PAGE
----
Did that visit really happen? We have no way of knowing. But we can look at what Matthew defines as wisdom. His Magi were learned enough to spot the anomaly in the sky and to discern what it meant. A new king was born--and he wasn’t just the puppet king of a tiny, colonized ethnic group. This little boy was going to change the world, and as Isaiah had said, all nations would come to acknowledge his rising. These scholars recognized the importance of the sign, and they set out across a desert for 1000 miles without even knowing exactly where they were going. They took it on faith that they would find a miracle.

Was this really a “wise” thing to do?

For Matthew, the answer was clearly Yes, this is wisdom. His definition of wisdom didn’t mean just the knowledge these men had gained through their studies. It meant acknowledging the supreme, universal reign of the God of Israel. The book of Proverbs in the Hebrew Bible says: “The fear—or awe—of God is the beginning of wisdom.”

Matthew’s wise men made their long journey as symbols of faith in Israel’s God and the kingship of Jesus, and they brought gifts that would represent the roles Jesus would take in the restored kingdom. Gold was for a king. Frankincense was for Jesus as the high priest in the restored Temple, an intermediary between God and God’s people. Myrrh represented the sacrifice Jesus had already made, to reconcile God with God’s people and to seal God’s new covenant with Israel.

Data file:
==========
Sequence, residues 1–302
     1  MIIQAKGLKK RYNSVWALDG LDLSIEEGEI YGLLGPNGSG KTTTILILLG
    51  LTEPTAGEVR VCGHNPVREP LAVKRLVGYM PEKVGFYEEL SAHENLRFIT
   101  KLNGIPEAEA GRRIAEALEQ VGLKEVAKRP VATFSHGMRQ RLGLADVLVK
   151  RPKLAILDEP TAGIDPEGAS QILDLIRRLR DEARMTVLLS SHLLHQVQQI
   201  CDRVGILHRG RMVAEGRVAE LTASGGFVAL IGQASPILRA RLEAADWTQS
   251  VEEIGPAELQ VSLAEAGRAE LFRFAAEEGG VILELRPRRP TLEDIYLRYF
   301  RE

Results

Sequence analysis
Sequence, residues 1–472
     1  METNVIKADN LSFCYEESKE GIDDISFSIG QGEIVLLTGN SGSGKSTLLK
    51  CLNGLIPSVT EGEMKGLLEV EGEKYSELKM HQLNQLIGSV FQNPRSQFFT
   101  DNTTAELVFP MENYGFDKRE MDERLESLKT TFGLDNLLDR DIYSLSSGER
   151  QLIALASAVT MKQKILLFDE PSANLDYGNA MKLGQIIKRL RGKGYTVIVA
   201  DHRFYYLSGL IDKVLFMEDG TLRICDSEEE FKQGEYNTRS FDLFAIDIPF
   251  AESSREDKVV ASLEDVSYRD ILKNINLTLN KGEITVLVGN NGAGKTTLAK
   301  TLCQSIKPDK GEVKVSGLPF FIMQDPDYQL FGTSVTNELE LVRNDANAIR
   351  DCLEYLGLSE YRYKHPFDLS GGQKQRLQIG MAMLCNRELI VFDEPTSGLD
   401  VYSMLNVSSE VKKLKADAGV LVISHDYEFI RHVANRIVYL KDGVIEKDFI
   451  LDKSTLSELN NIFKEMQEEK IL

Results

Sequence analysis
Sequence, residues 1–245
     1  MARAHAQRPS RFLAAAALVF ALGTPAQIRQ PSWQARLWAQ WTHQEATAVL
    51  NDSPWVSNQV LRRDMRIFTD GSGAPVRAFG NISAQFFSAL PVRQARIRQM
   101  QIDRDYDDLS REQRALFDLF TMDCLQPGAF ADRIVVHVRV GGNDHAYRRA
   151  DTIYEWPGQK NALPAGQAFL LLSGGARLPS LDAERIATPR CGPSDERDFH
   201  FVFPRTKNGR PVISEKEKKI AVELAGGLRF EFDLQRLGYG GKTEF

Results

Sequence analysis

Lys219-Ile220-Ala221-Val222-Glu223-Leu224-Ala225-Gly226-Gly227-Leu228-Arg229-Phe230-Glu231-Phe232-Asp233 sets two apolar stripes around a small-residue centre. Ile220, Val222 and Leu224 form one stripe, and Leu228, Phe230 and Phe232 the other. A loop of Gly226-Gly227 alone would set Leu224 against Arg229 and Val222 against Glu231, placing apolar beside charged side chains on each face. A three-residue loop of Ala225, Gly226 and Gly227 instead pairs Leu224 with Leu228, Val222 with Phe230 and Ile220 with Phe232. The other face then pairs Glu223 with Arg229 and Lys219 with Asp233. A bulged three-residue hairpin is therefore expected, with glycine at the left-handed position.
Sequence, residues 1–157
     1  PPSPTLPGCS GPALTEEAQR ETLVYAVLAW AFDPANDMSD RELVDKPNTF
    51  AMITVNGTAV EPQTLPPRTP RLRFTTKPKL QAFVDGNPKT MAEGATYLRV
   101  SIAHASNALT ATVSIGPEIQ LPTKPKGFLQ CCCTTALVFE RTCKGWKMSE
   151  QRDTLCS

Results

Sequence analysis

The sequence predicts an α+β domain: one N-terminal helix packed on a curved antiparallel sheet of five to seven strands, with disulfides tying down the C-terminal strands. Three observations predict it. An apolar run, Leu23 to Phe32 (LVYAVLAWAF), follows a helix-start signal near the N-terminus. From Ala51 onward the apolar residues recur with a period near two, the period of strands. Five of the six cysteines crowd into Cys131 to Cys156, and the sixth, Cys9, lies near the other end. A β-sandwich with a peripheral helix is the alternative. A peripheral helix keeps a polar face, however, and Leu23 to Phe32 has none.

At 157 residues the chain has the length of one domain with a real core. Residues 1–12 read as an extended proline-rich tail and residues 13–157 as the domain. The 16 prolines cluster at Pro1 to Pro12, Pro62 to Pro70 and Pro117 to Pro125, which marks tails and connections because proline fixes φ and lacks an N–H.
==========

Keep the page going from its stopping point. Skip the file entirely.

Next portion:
So Matthew’s story is meant to give hope to the refugees and exiles of Israel, and to also remind other Christians that Jesus was, after all, born a Jew, and came to fulfill Jewish prophecies.

But when we look at this story from 2000 years away, the Magi look a bit less than wise, and more like the punch line in a Far Side cartoon. If they knew so much about the world around them, if they were paying attention…Why would they stop to ask an evil king for directions to the birthplace of his successor? Did they know that their question was directly responsible for the mass slaughter of small children?